Hibiscus syriacus, or Rose of Sharon is one of the stars of the late summer shrub border. It’s hard to miss a large planting covered in tropical-looking flowers in August.
Rose of Sharon prefers rich, moist, well drained soil. But they will perform well in average garden soil as long as they get enough water in times of drought and at least 6 hours of strong sun during the day.
There is a variety of cultivars available with single, semi-double and fully double flowers. And their color ranges from pure white to deep fuchia with a range of bi-colors in between.
They are most often grown as a bushy shrub, but if allowed to grow naturally they can be used as small multi-stemmed trees. Standard Rose of Sharon trees are available, too. Grown this way, they make a perfect focal point in the landscape.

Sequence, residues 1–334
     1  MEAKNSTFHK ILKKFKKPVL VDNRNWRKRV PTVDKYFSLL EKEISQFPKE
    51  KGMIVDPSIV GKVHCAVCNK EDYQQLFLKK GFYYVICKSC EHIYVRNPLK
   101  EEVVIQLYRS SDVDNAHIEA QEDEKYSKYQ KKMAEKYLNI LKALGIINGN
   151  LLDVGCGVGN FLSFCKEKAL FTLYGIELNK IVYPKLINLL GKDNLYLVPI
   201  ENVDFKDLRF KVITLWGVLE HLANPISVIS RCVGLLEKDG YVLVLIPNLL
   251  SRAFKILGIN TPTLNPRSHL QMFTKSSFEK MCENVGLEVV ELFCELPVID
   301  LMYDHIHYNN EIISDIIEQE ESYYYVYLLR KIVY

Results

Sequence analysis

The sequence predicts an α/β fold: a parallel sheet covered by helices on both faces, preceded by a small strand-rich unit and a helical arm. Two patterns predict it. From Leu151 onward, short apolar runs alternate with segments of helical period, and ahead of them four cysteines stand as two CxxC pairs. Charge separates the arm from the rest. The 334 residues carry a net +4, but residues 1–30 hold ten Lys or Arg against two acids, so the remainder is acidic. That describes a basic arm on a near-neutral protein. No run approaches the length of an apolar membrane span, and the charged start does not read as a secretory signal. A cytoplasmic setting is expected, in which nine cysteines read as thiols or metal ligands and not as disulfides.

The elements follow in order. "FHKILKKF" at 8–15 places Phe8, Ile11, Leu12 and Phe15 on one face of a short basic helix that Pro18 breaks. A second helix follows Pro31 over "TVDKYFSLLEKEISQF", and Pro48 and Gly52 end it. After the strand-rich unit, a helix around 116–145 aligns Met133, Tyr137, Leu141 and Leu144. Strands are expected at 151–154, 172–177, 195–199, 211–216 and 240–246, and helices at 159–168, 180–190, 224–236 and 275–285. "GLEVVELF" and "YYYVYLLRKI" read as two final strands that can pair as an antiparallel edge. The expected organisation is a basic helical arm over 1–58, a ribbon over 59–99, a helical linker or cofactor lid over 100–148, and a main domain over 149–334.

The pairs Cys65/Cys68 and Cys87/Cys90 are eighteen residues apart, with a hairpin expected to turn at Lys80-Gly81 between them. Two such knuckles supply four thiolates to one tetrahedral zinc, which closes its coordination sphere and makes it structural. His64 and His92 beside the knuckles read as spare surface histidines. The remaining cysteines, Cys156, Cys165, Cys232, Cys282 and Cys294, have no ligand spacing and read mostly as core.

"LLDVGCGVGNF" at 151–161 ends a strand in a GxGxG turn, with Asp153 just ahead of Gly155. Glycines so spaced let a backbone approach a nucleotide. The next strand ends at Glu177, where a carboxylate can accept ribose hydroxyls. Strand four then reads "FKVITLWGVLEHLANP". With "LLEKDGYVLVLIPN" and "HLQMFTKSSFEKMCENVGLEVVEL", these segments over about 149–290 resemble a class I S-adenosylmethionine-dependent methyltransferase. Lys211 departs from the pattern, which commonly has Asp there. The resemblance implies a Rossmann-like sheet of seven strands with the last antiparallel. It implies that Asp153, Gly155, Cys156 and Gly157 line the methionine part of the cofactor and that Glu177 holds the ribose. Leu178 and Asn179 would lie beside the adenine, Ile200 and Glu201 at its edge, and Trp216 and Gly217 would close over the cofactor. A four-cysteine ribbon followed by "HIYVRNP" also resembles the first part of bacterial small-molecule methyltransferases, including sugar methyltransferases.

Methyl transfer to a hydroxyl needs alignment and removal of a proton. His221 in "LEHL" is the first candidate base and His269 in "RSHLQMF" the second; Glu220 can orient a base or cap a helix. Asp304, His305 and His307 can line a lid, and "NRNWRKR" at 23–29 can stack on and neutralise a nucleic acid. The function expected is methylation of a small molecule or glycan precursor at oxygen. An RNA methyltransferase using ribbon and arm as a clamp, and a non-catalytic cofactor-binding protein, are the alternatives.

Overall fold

Because they lend so well to pruning and shaping, they can be used in a variety of landscape applications. They make a beautiful hedge for summer. They work very well in a mixed shrub border. Or mix them into a hedgerow at the property edge for screening. Or just plant one by itself to make a bold statement late in Summer.
Consider the cultivars below for you next planting.